Washington, DC (August 12, 2021) – The New Civil Liberties Alliance filed a motion for summary judgment this week, requesting relief on behalf of more than a thousand charter boat captains who are challenging a Final Rule subjecting charter boats operating in the Gulf of Mexico to 24-hour warrantless surveillance. The motion was filed in the U.S. District Court for the Eastern District of Louisiana, in NCLA’s class-action lawsuit, Mexican Gulf Fishing Company, et al. v. National Oceanic and Atmospheric Administration, et al.
The National Marine Fisheries Service (NMFS) published the Final Rule in July 2020, requiring that each charter boat be “equipped with NMFS-approved hardware and software with a minimum capability of archiving GPS locations.” The Vessel Monitoring System (VMS) must be permanently affixed to the vessel and “archive the vessel’s accurate position at least once per hour, 24 hours a day, every day of the year.” In other words, NOAA and NMFS want to LoJack every charter boat in the Gulf of Mexico—but they don’t own these boats.
Unfortunately for NOAA/NMFS, the Supreme Court struck down long-term location tracking by government agencies as an unconstitutional invasion of privacy months before the issuance of the notice of proposed rulemaking. Thus, NCLA argues the 24-hour GPS tracking of all charter boats in the Gulf of Mexico without any suspicion of wrongdoing violates the Fourth Amendment’s prohibition against unreasonable searches. Moreover, the permanent installation of GPS tracking devices on charter boats effects an uncompensated taking, in violation of the Fifth Amendment. These constitutional violations are even more stark, given that many owners of charter boats also use them for personal non-fishing activities but are still monitored and tracked on such excursions.
Plaintiffs do not challenge the transmission of fish-related information in electronic fishing reports. Rather, they challenge the requirement to transmit “other information” not specified in the regulatory text, including business data. The Final Rule creates a regime of pervasive and constant electronic monitoring. It imposes burdensome technological and reporting requirements on small businesses and confers virtually no benefit over cheaper and less intrusive methods in monitoring fish stocks in the Gulf of Mexico.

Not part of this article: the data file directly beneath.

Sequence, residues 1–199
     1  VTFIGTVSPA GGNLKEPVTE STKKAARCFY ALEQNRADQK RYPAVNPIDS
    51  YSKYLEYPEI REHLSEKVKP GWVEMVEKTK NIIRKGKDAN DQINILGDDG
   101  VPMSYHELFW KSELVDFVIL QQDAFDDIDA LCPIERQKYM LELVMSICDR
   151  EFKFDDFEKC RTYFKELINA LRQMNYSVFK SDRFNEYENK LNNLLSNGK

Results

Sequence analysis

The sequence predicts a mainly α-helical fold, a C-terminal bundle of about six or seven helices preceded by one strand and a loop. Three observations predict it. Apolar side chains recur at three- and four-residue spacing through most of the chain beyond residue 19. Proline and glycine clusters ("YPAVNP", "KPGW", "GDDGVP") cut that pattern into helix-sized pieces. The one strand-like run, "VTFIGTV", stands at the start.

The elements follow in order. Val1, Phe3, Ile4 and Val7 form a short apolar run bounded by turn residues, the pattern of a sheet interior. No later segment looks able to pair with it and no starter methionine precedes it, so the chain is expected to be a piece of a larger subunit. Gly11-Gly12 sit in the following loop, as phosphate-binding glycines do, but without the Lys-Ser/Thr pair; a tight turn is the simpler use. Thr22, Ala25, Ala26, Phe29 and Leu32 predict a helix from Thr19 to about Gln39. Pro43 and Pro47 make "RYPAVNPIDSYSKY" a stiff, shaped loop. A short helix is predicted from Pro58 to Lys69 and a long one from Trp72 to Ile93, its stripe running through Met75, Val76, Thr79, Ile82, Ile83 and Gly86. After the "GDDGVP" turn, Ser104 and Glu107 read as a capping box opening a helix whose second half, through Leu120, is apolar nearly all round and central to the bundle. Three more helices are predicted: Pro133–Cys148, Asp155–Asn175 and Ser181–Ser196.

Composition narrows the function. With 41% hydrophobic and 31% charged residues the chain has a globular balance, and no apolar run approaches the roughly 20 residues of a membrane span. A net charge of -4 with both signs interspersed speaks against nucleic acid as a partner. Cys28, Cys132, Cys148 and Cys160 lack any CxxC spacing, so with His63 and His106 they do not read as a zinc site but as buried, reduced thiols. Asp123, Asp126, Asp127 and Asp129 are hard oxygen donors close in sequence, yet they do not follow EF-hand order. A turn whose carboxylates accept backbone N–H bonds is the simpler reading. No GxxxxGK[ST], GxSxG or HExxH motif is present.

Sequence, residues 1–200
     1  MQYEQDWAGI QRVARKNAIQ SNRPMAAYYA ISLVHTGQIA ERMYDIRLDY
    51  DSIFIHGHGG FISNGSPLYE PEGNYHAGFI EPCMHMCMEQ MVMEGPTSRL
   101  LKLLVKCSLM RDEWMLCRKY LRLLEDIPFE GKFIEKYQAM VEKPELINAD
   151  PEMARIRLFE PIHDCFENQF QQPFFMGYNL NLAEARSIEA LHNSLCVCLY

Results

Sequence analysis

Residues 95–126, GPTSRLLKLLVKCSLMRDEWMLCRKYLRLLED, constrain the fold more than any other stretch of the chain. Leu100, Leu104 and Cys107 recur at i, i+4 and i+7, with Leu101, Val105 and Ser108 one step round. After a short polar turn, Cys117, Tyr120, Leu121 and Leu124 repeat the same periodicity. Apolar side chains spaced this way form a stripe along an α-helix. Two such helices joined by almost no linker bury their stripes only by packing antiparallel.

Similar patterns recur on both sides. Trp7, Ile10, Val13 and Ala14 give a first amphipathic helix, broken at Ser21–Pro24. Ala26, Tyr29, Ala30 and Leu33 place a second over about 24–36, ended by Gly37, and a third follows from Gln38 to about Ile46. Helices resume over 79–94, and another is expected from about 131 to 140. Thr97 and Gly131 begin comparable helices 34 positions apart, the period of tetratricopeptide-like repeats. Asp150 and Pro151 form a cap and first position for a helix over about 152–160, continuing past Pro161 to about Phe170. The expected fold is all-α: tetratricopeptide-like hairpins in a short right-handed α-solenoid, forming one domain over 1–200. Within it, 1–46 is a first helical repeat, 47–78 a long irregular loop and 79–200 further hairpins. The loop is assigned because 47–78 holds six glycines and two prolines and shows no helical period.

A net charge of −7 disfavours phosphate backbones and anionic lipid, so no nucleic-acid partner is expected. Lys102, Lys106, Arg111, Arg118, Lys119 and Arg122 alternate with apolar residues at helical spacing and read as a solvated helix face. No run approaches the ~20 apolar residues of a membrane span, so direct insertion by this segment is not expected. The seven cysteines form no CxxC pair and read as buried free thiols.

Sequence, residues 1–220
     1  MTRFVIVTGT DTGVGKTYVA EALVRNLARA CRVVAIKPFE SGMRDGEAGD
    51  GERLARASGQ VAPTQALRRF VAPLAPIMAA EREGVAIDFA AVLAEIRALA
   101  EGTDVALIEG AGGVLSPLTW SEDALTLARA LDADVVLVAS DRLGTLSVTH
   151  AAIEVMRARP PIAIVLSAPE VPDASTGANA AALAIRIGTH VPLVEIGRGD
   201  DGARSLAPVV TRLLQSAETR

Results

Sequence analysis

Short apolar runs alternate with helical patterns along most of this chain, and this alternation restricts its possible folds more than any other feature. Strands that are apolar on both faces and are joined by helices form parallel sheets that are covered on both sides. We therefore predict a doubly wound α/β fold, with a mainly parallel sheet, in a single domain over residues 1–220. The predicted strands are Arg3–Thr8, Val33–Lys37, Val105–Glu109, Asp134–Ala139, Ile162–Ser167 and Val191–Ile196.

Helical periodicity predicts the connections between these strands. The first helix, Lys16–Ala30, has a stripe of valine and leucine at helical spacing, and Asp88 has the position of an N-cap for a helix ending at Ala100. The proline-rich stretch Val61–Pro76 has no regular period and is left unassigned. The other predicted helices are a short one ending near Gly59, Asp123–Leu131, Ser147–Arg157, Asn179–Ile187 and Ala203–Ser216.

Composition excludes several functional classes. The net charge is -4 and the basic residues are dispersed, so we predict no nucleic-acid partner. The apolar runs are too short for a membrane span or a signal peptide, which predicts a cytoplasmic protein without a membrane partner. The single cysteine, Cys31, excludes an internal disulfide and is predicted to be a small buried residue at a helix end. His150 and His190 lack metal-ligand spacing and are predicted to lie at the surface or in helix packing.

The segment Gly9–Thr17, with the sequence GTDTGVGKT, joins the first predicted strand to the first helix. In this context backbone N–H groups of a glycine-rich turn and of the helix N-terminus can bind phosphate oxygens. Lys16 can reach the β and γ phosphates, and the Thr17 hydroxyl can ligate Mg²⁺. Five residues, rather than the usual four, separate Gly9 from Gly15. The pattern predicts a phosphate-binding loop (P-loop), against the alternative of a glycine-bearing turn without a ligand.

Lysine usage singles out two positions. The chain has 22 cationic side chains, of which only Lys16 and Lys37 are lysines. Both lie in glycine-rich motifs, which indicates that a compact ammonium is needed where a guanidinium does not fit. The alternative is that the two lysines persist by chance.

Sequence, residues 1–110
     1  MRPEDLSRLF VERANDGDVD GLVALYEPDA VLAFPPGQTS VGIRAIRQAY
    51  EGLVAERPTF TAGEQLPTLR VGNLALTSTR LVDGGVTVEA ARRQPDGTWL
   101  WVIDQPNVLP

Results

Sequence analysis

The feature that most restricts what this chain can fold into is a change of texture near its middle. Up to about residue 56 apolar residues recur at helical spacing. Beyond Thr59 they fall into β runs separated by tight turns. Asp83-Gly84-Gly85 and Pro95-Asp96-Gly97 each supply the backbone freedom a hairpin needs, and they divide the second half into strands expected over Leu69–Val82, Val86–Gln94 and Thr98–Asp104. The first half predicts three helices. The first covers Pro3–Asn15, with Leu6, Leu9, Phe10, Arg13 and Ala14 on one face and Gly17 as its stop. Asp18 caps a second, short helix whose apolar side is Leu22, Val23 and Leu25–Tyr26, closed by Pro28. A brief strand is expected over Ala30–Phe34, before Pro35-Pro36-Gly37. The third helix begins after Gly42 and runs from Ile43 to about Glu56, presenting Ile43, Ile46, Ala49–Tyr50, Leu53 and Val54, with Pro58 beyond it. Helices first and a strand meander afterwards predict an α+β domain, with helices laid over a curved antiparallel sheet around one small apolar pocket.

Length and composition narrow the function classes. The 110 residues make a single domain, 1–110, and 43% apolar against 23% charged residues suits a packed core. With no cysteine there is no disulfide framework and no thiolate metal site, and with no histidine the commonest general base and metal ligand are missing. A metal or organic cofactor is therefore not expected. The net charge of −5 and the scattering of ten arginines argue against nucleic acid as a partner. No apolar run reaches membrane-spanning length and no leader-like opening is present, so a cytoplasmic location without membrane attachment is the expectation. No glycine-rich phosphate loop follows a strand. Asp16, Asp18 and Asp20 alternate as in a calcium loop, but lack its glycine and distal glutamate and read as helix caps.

Beyond the blatant constitutional violations, NOAA/NMFS’s surveillance program for chartered boats is not authorized by the Magnuson-Stevens Act, which Congress passed to protect, manage, and grow U.S. fisheries resources. Each of these grounds provides enough reason to set aside the Final Rule and declare it unlawful.
NCLA released the following statements:
“Taking people out into the Gulf of Mexico to fish is not a crime, and the Administrative State should not be able to track our clients with marine ‘ankle bracelets’ reporting their every move.”
— John Vecchione, Senior Litigation Counsel, NCLA
“The Final Rule would subject every single charter boat owner in the Gulf of Mexico to 24-hour GPS tracking, without warrants or even suspicion of wrongdoing. The Supreme Court has said clearly and repeatedly such panoptic surveillance violates the Fourth Amendment. What’s worse, under the Final Rule boat owners must pay for the violation of their own constitutional rights because the rule forces them to purchase, install, and maintain expensive tracking 6devices themselves for the government’s use.”
— Sheng Li, Litigation Counsel, NCLA
For more information visit the case page here.
NCLA is a nonpartisan, nonprofit civil rights group founded by prominent legal scholar Philip Hamburger to protect constitutional freedoms from violations by the Administrative State. NCLA’s public-interest litigation and other pro bono advocacy strive to tame the unlawful power of state and federal agencies and to foster a new civil liberties movement that will help restore Americans’ fundamental rights.